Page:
Animal Abuse, Undercover Videos, and Doing the Right Thing

Caring for livestock is a lot like caring for kids. Both run around my back yard. I would never dream of causing unnecessary pain to either.

Another disturbing undercover video is going to be released this morning.  Apparently it was shot at a cattle farm and depicts awful cases of blatant, deliberate animal abuse.  It has not been made public at the time I write this, but Facebook is all abuzz about it.  I imagine it’s only a matter of time before it becomes mainstream and many who are reading this will stumble across it.

Part of me doesn’t even want to watch, I know it will make me sick to my stomach.  I know it will enrage me.  Animal abuse is wrong, must be immediately exposed, and the offenders must be convicted and punished in a swift and just manner.

There has been a lot of talk about the pending legislation here in Iowa that would ban undercover documentation on farm facilities.  First, let me talk about the intention of this legislation.  Often times, animal rights groups will send individuals under false pretenses to gain employment at farms and then shoot undercover video of activities on the farm.  Sometimes these individuals uncover legitimate abuse.  Sometimes they stage or encourage acts of abuse.  Sometimes they depict humane animal handling as abuse.  Often, they hold onto the footage they shoot and wait to release it to the public at an opportune time.  Often, they edit the footage to depict the problems, both real and concocted, to be bigger and worse than what they are.  Often, the real motivation for shooting these undercover videos is all about money, donations for their charity, and not about correcting the depicted problem.  Because, let’s face it, if they actually corrected the problem of animal abuse, then they’d be out of a job.

Although this calf may experience temporary pain in the working chute, we handle him as quickly and quietly as possible to prevent him from experiencing unnecessary pain in the future.

Could you imagine if someone had knowledge and video footage of a human being violently abused, and decided not to report it until it was the most beneficial to them, weeks or months later?  (I’m not saying this is the case in the most recent footage, but it has been the case in the past.)  To me, that is just as sick as the person doing the abuse.  Animal abuse is a problem, but it is not the widespread, industry standard that animal rights groups would have you believe.  Animal abuse (and not reporting it) is sick, wrong, and absolutely unacceptable.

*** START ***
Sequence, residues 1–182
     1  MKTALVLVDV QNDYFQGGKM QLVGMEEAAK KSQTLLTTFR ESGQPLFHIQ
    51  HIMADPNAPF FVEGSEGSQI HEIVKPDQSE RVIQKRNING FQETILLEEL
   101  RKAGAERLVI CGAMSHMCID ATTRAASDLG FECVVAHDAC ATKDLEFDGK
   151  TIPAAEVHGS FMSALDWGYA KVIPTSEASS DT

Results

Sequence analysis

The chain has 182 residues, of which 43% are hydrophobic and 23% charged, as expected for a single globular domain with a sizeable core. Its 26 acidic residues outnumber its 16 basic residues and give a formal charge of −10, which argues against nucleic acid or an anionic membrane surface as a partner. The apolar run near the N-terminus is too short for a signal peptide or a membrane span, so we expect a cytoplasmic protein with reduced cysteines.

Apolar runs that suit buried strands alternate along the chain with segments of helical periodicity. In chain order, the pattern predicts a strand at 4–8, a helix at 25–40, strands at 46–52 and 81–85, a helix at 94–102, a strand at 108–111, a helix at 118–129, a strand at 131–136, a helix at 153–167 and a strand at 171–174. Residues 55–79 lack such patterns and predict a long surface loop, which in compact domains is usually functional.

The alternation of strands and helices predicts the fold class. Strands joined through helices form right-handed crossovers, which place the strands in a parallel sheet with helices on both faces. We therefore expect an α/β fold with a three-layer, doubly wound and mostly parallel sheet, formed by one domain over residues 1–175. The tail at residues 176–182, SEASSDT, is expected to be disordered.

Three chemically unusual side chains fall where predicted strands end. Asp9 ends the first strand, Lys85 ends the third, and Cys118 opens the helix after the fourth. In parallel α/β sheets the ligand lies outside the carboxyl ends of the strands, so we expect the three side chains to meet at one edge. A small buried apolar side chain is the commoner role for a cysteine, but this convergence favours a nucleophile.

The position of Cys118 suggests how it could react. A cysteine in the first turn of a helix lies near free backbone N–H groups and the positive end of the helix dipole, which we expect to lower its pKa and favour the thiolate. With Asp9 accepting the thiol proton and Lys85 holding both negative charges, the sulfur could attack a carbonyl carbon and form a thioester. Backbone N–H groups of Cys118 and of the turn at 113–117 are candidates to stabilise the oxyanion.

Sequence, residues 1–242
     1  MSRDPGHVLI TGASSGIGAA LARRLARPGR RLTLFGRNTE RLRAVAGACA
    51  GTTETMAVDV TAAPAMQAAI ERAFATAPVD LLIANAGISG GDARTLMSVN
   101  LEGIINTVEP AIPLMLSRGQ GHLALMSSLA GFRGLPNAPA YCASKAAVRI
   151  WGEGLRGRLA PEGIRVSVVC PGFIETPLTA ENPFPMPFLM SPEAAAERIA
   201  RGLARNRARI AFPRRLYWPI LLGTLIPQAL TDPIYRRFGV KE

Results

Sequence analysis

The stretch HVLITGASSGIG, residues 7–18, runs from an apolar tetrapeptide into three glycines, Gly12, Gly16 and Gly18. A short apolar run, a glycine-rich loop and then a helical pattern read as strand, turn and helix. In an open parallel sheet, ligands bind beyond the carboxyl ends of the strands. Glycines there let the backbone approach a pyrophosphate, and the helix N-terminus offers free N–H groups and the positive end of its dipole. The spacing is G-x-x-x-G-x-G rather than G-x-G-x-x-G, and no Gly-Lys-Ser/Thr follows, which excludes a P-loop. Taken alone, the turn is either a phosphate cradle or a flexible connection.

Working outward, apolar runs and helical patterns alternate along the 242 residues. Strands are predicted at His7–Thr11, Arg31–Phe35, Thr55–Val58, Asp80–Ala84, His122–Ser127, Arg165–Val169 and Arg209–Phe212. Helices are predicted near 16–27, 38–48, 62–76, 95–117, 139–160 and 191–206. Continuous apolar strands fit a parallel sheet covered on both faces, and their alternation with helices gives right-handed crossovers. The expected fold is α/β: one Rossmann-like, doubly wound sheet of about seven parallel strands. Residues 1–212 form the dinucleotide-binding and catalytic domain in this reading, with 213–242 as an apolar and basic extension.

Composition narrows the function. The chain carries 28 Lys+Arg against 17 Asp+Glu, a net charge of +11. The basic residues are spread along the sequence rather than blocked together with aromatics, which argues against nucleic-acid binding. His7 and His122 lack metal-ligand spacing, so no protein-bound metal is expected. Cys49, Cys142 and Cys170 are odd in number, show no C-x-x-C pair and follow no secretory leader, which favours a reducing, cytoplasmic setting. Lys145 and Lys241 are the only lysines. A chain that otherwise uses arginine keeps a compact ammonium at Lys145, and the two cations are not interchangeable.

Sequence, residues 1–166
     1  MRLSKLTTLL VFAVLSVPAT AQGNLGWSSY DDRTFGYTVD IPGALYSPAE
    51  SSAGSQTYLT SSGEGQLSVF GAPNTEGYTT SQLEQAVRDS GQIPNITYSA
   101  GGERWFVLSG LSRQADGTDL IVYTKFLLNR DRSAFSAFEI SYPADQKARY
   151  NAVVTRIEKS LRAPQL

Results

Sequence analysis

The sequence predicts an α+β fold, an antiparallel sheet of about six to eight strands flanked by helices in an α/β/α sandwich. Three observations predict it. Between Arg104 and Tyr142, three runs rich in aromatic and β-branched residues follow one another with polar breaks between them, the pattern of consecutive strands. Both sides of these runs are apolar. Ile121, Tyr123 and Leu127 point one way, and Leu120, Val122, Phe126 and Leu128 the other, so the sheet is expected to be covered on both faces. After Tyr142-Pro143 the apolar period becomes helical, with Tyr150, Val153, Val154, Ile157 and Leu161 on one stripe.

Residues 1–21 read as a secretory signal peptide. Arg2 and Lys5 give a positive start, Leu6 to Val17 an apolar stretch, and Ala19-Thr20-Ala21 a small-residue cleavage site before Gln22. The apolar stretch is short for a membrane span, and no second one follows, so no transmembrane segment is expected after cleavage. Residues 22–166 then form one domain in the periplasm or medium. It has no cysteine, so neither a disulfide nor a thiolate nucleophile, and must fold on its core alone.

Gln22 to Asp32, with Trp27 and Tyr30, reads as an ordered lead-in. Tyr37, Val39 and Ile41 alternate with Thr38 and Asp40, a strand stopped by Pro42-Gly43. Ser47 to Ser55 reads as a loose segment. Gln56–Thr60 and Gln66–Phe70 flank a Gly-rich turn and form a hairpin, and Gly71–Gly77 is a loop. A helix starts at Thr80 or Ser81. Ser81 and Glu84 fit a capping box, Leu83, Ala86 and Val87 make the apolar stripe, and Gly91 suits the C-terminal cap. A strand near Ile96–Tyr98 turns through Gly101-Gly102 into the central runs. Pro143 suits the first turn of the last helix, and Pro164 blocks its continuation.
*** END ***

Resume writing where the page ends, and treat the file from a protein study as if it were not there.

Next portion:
I personally do not agree with a full out ban of undercover video on farms.  I feel that individuals must be allowed the ability to document legitimate animal abuse.  The solution to the problem is simple.  Make it a crime to possess documentation or have knowledge of animal abuse for more than 24 hours without reporting it to authorities.  Just like it’s a crime to be in possession of child pornography.   Prosecute the individuals who slander farms that are using humane practices.

Animal abuse, just like child abuse, makes zero sense to me. On our farm, we respect and cherish both our children and our animals. Both are our livelihood!

Finally, as a farmer who works with animals every day, I fail to see why anyone would ever intentionally and unnecessarily harm an animal.  It goes against everything within me.  Caring for animals is much like caring for children.  Sometimes there are things we must do on the farm that creates temporary pain in our animals, and although it is hard to do, it prevents bigger and longer term pain in the long run.  Just as I must allow my children to withstand the pain of a vaccination knowing it prevents worse pain in the future, I must care for my livestock the same way.  That doesn’t mean it is easy for me to cause even temporary pain to an animal or my child.  It does mean that I am going to take every measure possible to make my children and my animals as comfortable as possible while looking out for their well-being.

Animals rights activists will often claim that farmers only care about making money, and will abuse their animals to do so.  Abuse, whether child or animal, is counter-productive.  An abused child will face challenges and require more resources in life that will make it harder for them to succeed.  Similarly, an abused animal will take more resources and suffer from reduced productivity.  From a strictly economic standpoint, it doesn’t make any sense either.

But, in the end, the economics do not matter.  It’s simply about doing the right thing for the right reasons.

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12 responses to this post.

  1. […] Life as an Iowa Farmwife Animal Abuse, Undercover Videos, and Doing the Right Thing […]

  2. […] Life as an Iowa Farmwife Animal Abuse, Undercover Videos, and Doing the Right Thing […]

  3. […] Life as an Iowa Farmwife Animal Abuse, Undercover Videos, and Doing the Right Thing […]

  4. […] Life as an Iowa Farmwife Animal Abuse, Undercover Videos, and Doing the Right Thing […]

  5. Posted by Erica on April 21, 2011 at 3:55 pm

    Excellent article! I think livestock farmers are lumped into the same category when it comes to being a target of animal activist groups. Most care deeply about the treatment of their livestock and do not deserve the treatment they receive from the public. I will be sharing this on Facebook.